The two readings that we were assigned for this week both focus on the use of nuclear technology for civilian power production. The article by Glaser and Socolow gives a very well balanced presentation of nuclear energy. It discusses positive attributes and potential benefits to the environment from nuclear energy, as well as its shortcomings and inhibitors.
The general idea that I took home from the article is that a lot needs to fall into place in order for nuclear power to be prevalent and beneficial in our society. Although lower in carbon emissions, nuclear energy comes with its own brand of harmful waste. The waste in itself provides a significant obstacle to overcome, but it does not stop there. As with any network of energy production and consumption, there is inherent interest in recycling this waste. However, when dealing with masses of plutonium large enough to power a nation, it is difficult to keep track of masses small enough to make a bomb. Due to the military nature of the technology, this creates suspicion that something unscrupulous is being done with the recycled material, and decreases confidence in nuclear energy as a whole. Similar suspicions can be aroused by privately owned uranium enrichment facilities, some of which can easily be adapted to producing bomb grade materials. Multinational participation seems like the only immediate solution to these qualms. Finally, nuclear energy has massive startup costs, and would be difficult to establish on a global scale, especially in undeveloped regions or regions of unrest.
The most fundamental question that arises from these considerations is whether or not nuclear energy is even worth it. In a world where climate change is imminent, nuclear energy is an idea that does work. However, in a world where there are many other options that could have equivalent benefits, is it the most effective or the most practical option?
Should the world invest long term in nuclear energy? It seems risky. There is already a public stigma against nuclear technology due to its military connections and past accidents. With such an energetically powerful technology, one mistake or accident could invalidate all previous developments in a matter of seconds. If we want to use nuclear energy as a way of combating environmental damage, it could make sense to invest short term and reevaluate the technology in a few years.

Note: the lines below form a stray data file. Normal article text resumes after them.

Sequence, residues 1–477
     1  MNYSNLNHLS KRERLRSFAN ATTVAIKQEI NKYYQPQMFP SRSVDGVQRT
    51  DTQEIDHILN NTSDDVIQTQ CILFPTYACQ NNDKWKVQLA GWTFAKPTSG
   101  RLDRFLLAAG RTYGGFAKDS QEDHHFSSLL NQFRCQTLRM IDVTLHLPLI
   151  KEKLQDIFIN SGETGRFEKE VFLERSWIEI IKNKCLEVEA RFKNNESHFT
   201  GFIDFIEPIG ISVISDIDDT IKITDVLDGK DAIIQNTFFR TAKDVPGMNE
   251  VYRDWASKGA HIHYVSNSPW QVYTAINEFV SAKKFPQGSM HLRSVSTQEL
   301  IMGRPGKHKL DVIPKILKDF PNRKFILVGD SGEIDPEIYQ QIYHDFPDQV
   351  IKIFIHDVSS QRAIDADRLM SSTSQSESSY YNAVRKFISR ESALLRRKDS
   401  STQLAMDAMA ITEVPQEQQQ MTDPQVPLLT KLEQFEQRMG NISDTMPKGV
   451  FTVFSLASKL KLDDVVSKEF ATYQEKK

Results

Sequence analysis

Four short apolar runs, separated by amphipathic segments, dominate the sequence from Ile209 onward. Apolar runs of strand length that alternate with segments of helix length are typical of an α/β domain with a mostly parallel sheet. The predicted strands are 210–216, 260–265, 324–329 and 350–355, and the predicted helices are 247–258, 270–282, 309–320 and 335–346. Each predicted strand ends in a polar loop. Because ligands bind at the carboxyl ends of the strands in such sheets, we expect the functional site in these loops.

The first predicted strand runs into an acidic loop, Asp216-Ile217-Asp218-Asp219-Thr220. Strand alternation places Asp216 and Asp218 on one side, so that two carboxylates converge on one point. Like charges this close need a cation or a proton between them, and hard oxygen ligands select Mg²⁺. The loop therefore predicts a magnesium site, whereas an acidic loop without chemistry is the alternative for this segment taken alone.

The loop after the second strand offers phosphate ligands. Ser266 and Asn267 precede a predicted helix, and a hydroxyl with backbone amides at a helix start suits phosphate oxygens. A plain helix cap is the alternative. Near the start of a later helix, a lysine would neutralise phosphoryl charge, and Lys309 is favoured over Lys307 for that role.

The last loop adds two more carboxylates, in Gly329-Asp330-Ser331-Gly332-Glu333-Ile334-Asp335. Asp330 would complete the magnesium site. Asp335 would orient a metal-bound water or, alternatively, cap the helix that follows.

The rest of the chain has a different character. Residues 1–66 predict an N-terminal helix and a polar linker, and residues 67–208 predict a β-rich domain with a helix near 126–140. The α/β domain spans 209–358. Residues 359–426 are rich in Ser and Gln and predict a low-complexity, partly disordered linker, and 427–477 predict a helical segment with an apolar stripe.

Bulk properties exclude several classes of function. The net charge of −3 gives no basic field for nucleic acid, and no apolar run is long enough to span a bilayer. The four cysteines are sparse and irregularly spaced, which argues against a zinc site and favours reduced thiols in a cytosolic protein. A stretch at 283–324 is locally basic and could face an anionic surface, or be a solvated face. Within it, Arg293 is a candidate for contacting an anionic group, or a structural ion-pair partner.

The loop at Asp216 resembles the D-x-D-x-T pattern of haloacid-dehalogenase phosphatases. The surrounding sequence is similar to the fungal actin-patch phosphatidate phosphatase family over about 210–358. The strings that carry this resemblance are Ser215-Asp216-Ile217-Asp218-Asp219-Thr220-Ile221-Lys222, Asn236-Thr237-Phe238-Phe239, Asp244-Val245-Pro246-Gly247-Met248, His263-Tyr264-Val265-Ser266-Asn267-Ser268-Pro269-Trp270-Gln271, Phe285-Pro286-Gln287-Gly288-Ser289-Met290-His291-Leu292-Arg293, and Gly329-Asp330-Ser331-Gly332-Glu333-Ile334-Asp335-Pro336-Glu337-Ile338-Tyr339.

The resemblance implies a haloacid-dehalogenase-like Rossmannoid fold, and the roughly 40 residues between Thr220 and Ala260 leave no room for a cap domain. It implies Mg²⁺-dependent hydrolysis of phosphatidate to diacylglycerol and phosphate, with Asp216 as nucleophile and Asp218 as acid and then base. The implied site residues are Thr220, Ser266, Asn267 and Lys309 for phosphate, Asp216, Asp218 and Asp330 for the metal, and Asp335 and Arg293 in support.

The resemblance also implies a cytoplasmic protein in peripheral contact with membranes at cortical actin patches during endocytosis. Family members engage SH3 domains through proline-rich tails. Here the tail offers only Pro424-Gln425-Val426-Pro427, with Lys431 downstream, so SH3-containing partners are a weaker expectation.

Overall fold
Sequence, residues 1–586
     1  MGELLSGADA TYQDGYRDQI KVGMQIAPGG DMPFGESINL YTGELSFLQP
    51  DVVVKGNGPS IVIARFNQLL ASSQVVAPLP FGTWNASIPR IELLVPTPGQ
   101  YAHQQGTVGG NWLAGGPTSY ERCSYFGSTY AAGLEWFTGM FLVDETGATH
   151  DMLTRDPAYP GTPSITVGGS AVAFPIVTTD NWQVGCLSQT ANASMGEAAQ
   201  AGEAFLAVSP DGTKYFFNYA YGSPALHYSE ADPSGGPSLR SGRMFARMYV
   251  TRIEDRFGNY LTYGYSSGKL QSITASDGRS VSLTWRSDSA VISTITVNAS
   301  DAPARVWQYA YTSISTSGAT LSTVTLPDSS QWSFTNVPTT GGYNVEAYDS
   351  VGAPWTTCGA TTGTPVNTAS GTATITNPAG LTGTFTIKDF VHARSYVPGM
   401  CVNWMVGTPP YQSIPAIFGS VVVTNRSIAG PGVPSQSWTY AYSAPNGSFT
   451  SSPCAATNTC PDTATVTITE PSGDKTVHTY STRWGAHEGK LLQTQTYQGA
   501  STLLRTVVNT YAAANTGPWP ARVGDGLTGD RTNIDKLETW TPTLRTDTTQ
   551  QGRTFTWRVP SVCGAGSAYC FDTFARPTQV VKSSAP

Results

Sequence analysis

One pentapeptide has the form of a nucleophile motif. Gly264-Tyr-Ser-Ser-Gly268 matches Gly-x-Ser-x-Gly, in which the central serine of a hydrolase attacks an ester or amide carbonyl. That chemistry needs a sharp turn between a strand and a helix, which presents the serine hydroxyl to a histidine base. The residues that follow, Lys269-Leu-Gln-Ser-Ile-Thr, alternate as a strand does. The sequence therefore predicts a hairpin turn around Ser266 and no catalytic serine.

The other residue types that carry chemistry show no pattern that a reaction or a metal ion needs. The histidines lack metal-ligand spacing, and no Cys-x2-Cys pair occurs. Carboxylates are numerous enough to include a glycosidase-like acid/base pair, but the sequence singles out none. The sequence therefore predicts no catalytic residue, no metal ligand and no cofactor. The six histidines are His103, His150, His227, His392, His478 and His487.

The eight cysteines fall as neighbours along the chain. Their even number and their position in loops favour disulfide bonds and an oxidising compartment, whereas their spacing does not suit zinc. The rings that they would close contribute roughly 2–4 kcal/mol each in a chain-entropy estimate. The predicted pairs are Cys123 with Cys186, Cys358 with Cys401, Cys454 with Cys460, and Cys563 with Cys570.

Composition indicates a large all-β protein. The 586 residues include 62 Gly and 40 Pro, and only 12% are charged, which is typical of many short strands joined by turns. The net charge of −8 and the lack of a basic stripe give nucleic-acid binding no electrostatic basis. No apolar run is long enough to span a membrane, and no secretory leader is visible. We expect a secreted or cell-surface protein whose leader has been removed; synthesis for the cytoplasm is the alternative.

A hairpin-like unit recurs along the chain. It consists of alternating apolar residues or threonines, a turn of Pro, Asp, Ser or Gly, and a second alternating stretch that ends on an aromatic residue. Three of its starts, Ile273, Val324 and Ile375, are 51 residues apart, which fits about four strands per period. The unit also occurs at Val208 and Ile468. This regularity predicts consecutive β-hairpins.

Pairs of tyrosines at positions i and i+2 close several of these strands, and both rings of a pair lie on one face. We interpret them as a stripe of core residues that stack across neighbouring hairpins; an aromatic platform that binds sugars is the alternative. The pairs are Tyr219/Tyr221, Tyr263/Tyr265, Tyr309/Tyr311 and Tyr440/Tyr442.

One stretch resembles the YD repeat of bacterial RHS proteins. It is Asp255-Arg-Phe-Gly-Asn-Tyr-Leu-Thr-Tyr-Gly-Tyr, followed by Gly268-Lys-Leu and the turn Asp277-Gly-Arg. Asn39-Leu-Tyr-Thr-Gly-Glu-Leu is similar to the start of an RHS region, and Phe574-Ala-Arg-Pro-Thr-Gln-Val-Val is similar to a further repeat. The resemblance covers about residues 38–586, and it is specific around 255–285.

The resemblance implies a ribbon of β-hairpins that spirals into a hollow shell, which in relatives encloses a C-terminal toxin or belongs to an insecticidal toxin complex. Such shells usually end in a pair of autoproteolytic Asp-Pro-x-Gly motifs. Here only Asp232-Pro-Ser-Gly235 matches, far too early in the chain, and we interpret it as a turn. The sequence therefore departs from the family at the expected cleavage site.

However, again, is this worth it when there are other forms of energy that can be invested in immediately and which present fewer risks? Perhaps. A quick glance at a few government energy websites can tell us that, with the exception of hydroelectric power, nuclear energy is among the most inexpensive per kilowatt-hour, even when the cost of startup and decommissioning is accounted for. However, nuclear energy has far more political and technological hurdles that have nothing to do with operating costs. Considering this, renewable forms of energy do seem like the easy way out in this situation. In the end, its origins and close ties to nuclear weapons are the ultimate nail in the coffin for nuclear energy. Decoupling the two just does not seem worth the effort when other perfectly good forms of energy do not have such an inhibitor. No red flags are going to be raised if wind farms begin popping up all over Iran (this is something that has been happening in recent years, but is perhaps not as newsworthy as their nuclear program).
For those who want to jump right into discussion without necessarily reading the entire post:
- Is nuclear energy worth it, considering all the hurdles preventing it from becoming well established?
- Is there a less complicated way to decouple nuclear weapons and nuclear energy?
- In a world where climate change is an imminent danger, what forms of energy do you see establishing themselves?